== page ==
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What is the Connection Between Nasal Congestion and Pregnancy?

Mary McMahon
By
Updated May 17, 2024
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Nasal congestion and pregnancy commonly go hand and hand, particularly in the first trimester. Many woman are surprised to learn this when they ask their care providers about why they feel stuffed up all the time. There are a number of methods for dealing with nasal congestion and pregnancy and most women can achieve congestion relief to make themselves feel more comfortable. Once the baby is born, the pregnancy rhinitis, as it is known, should resolve very quickly.

There are several reasons nasal congestion and pregnancy tend to be linked. When women get pregnant, the blood volume increases and the blood vessels expand, leading to swelling of tissues inside and outside the body. Many women are familiar with pregnancy swelling in the hands and feet, and it also occurs inside the nose. The flood of estrogen also leads to more mucus production inside the nose. The combination of more mucus and less room in the nose leads to a stuffy nose and discomfort.

Women may notice that their noses run more in pregnancy, and they can feel stuffy and clogged. Blowing the nose regularly to flush out mucus is recommended and some patients find saline irrigation of the nose helpful for managing nasal congestion and pregnancy. The irrigation will flush out mucus as well as soothing irritated and inflamed nasal tissues and the percentage of saline can be adjusted for comfort if women find that a nasal flush leaves the nose with a stinging or painful feeling.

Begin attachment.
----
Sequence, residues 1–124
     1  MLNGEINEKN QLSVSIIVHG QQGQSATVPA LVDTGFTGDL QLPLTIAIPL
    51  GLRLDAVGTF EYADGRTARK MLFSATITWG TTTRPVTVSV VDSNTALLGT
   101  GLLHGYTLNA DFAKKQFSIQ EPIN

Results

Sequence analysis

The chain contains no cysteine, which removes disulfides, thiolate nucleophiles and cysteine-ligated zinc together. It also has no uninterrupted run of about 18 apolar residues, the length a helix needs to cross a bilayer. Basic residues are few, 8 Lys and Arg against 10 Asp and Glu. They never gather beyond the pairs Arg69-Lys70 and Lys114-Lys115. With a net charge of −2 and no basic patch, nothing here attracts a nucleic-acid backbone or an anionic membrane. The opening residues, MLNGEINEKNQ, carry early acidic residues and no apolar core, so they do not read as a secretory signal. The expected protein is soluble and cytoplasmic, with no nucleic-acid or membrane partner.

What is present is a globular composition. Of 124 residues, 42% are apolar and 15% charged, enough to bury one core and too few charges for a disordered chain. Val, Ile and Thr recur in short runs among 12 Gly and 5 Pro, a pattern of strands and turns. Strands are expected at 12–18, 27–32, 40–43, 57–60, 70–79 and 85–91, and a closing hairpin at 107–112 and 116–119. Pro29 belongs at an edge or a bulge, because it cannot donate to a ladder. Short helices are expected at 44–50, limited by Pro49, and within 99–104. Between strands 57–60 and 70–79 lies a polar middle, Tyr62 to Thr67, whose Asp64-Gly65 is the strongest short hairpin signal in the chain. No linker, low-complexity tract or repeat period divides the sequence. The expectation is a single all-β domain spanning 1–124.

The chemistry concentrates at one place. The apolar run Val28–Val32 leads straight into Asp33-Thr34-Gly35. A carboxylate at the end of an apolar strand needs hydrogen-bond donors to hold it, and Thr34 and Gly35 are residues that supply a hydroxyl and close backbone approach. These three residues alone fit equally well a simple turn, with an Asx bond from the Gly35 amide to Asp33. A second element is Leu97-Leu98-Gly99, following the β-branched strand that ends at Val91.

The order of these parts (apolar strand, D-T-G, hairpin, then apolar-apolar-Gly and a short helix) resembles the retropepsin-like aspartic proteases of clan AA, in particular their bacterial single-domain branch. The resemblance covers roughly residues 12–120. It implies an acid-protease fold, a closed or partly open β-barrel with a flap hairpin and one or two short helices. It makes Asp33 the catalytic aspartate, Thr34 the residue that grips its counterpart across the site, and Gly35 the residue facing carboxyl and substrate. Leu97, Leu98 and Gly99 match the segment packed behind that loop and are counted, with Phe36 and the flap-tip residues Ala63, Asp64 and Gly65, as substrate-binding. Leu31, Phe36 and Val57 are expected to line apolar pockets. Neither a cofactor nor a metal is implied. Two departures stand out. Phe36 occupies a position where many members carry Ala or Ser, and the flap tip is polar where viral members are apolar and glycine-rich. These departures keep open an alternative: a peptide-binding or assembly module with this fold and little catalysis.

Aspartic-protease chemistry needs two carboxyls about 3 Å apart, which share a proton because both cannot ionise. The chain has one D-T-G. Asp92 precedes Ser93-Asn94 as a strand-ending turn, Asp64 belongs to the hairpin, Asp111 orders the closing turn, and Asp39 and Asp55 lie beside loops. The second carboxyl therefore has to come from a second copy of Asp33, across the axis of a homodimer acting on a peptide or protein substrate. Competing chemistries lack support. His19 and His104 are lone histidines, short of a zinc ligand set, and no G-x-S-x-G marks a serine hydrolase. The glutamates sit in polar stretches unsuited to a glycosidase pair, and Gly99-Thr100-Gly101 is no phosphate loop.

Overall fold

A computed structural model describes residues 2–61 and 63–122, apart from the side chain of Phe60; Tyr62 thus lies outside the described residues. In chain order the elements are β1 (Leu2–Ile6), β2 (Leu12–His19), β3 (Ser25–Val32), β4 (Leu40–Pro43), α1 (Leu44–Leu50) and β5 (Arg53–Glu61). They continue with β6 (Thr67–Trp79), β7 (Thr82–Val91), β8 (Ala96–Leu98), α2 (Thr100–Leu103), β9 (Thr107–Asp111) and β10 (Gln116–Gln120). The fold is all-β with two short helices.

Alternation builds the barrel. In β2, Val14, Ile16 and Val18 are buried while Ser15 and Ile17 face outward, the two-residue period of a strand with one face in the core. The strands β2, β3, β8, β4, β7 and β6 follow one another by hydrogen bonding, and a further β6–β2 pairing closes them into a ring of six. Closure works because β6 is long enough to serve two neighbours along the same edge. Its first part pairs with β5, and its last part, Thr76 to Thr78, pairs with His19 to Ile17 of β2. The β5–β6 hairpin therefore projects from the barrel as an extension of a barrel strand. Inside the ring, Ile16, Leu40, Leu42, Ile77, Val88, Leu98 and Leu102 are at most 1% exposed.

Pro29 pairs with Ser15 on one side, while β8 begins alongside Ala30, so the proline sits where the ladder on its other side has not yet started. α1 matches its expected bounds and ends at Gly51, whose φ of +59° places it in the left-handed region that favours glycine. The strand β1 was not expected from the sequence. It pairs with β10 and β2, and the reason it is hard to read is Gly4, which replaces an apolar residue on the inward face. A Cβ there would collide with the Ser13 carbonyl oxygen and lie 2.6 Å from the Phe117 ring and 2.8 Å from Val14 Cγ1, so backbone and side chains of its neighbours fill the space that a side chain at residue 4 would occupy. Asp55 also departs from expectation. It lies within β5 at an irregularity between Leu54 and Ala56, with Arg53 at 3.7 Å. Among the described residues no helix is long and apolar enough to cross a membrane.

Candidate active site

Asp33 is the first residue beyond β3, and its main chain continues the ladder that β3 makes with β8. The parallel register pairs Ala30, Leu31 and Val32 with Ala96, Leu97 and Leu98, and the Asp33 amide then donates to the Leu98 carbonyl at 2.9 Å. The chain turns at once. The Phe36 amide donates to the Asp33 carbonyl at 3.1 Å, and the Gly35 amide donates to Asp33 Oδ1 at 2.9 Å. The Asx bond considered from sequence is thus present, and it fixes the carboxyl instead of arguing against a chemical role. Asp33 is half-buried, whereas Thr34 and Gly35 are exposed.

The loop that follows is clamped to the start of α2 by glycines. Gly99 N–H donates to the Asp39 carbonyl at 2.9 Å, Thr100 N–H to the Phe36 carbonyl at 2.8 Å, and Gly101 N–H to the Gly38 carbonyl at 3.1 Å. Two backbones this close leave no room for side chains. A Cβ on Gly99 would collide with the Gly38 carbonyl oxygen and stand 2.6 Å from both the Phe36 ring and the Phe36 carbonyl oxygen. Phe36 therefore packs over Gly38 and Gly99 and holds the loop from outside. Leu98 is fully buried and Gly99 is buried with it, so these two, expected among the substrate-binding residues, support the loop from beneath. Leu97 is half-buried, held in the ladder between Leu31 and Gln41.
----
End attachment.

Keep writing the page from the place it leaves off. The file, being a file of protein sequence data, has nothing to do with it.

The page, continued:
Antihistamines safe for use in pregnancy can be taken to bring down the swelling and some patients also take decongestants. Women may also find it helpful to drink lots of hot fluids and eat hot soup, loosening the mucus and making it easier to flush out of the nose. As hormone levels start to stabilize, the worst of the nasal congestion should begin to resolve and women should feel more comfortable as the pregnancy progresses.

One concern with nasal congestion and pregnancy is the risk that women will inhale mucus and develop lung infections. Women should clear their noses regularly, carrying tissues or a handkerchief to address occasional snotty flareups and keep the airways clear. If symptoms like difficulty breathing, wheezing, crackling or bubbling sounds when breathing, and heavy coughing are observed, a doctor can perform an evaluation to check for problems with the lungs and may prescribe appropriate medications to manage the issue.

WiseGeek is dedicated to providing accurate and trustworthy information. We carefully select reputable sources and employ a rigorous fact-checking process to maintain the highest standards. To learn more about our commitment to accuracy, read our editorial process.
Mary McMahon
By Mary McMahon

Ever since she began contributing to the site several years ago, Mary has embraced the exciting challenge of being a WiseGeek researcher and writer. Mary has a liberal arts degree from Goddard College and spends her free time reading, cooking, and exploring the great outdoors.

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Mary McMahon
Mary McMahon

Ever since she began contributing to the site several years ago, Mary has embraced the exciting challenge of being a...

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